21 21 Impact of Rule 26(b)(1) HIM and IT professionals must work with legal counsel to know what documents are being requested and whether they are relevant to the claim or defense –Example – patient’s entire medical record might not be relevant in a case involving allegations of a physician’s incompetence during a knee surgery

22 22 Rule 26(b)(2)(B) Provides exceptions for electronically stored information that is not “reasonably accessible,” that is, information that would be costly and burdensome to produce Addresses the issues raised by difficulties in locating, retrieving, and providing discovery of some electronically stored information Grants judge authority to order the production of electronically stored information even if not “reasonably accessible” if requesting party can show “good cause”

23 23 Impact of Rule 26(b)(2)(B) HIM and particularly IT professionals must be able to explain why certain data is not reasonably accessible and be able document the true cost and burdens of producing the data being requested

24 24 Rule 26(b)(5)(B) Establishes a procedure for parties to present claims to the court that inadvertently produced information is protected by the attorney-client privilege or work-product doctrine

25 25 Impact of Rule 26(b)(5)(B) HIM and IT professionals should work with legal counsel to ensure that information protected under the attorney-client privilege or work- product doctrine is not inadvertently disclosed One court recently made sweeping changes in the availability of the attorney-client privilege, especially with respect to e-mail communications among in-house counsel and other corporate employees. In re Vioxx Products Liability Litigation, 2:05-md-01657-EEF-DEK

26 26 Impact of Rule 26(b)(5)(B) Avoid inadvertent loss of attorney-client privilege under the Vioxx Rules –Document that the primary purpose of the communication was to seek legal advice (this is particularly important when seeking edits and comments to non-legal documents even though they carry legal implications) –Avoid sending communications to mixed audiences of lawyers and non-lawyers –Avoid forwarding attachments received from a lawyer to a non-lawyer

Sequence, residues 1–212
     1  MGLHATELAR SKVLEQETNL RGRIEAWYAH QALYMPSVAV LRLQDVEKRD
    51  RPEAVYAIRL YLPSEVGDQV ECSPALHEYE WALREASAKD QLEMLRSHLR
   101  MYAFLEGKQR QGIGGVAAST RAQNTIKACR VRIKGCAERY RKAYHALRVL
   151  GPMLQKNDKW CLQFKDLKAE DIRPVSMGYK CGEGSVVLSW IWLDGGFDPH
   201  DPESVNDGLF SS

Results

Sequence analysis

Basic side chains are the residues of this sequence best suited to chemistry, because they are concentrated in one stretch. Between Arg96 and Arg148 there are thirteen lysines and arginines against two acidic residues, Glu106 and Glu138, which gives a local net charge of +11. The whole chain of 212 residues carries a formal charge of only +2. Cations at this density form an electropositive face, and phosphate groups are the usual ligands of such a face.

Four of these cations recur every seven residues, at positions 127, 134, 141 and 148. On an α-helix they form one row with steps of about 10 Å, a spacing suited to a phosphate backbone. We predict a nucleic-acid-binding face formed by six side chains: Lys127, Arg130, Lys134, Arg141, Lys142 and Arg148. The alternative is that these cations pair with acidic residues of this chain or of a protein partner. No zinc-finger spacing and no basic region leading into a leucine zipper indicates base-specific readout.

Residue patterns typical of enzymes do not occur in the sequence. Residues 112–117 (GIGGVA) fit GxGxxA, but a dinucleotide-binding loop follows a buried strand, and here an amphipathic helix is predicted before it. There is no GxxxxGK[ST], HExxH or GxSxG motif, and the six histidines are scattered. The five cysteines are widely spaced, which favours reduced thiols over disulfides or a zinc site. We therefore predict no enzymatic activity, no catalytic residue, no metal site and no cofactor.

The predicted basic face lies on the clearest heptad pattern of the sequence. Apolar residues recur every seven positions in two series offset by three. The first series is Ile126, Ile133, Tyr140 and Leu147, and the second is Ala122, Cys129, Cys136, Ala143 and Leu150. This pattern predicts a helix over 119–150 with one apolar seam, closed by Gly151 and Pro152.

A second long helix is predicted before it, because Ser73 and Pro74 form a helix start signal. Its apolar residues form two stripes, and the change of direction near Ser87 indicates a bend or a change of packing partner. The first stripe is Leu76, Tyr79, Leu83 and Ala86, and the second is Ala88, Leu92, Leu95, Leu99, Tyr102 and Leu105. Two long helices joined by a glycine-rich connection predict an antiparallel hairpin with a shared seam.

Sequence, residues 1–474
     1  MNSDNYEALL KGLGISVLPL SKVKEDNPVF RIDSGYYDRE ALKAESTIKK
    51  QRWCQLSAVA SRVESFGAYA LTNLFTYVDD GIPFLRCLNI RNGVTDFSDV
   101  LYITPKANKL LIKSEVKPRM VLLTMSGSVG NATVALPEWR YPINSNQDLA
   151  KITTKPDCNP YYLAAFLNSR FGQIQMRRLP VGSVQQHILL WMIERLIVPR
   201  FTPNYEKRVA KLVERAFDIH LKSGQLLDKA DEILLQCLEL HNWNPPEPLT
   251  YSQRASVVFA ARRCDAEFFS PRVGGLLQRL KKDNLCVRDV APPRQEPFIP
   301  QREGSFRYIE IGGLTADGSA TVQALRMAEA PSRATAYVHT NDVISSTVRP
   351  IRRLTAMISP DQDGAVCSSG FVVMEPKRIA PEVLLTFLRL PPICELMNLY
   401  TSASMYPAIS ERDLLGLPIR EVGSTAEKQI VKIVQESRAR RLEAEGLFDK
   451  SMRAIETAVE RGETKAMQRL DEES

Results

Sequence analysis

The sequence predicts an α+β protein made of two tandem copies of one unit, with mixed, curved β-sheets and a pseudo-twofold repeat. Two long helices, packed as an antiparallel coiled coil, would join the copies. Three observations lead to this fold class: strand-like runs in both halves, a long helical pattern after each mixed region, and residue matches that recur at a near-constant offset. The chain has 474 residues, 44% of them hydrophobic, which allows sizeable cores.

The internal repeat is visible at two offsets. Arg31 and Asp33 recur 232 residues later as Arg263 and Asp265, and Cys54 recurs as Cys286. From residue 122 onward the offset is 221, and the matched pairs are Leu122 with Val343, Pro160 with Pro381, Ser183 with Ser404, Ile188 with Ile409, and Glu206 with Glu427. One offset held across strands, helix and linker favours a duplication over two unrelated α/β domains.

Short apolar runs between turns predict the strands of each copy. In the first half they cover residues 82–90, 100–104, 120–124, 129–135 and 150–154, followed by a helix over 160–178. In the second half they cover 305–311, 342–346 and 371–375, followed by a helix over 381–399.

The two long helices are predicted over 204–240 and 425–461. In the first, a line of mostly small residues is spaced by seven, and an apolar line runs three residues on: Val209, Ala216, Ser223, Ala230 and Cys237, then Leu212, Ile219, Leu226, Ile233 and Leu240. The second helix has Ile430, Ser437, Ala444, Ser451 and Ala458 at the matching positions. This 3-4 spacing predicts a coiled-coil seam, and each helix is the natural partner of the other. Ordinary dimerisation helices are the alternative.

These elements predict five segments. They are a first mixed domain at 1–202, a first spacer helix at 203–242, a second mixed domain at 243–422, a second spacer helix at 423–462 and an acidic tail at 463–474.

27 27 Rule 26(f)(3) Directs parties to discuss “any issues relating to disclosure or discovery of electronically stored information, including the form or forms in which it should be produced”

28 28 Impact of Rule 26(f)(3) HIM must be apprised of the parties’ proposed discovery plan in order to produce electronic documents agreed upon by the parties and in the agreed format

29 29 Rule 33(d) Allows a party to respond to an interrogatory by producing electronically stored information containing the answer to the interrogatory, but only if the burden of deriving the answer will be substantially the same for either party

30 30 Impact of Rule 33 HIM and IT professionals must be able to verify the authenticity of electronically stored information produced in response to an interrogatory HIM and IT professionals must ensure that information can be located and identified by the interrogating party and give the interrogating party a “reasonable opportunity to examine, audit, or inspect the information”

31 31 Rule 34 Provides that electronically stored information are as discoverable as paper documents and must be produced, unless the request clearly indicates the party is only seeking traditional documents Applies to documents that are stored by the healthcare organization in the “usual course of business”

32 32 Impact of Rule 34 HIM and IT professionals must establish policies and procedures for retention, storage, destruction and production of data in order to show that documents produced were kept “in the usual course of business” or if documents were not produced, that they were not kept in the usual course of business